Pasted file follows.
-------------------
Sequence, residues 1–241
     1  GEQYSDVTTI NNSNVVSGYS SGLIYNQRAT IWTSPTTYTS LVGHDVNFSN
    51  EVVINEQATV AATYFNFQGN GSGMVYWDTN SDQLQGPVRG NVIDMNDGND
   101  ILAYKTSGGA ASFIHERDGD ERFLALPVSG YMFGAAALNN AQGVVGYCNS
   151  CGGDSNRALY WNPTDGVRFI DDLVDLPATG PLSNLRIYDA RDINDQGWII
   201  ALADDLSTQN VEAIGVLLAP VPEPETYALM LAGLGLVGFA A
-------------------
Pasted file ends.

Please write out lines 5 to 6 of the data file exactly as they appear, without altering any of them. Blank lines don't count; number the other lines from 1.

   151  CGGDSNRALY WNPTDGVRFI DDLVDLPATG PLSNLRIYDA RDINDQGWII
   201  ALADDLSTQN VEAIGVLLAP VPEPETYALM LAGLGLVGFA A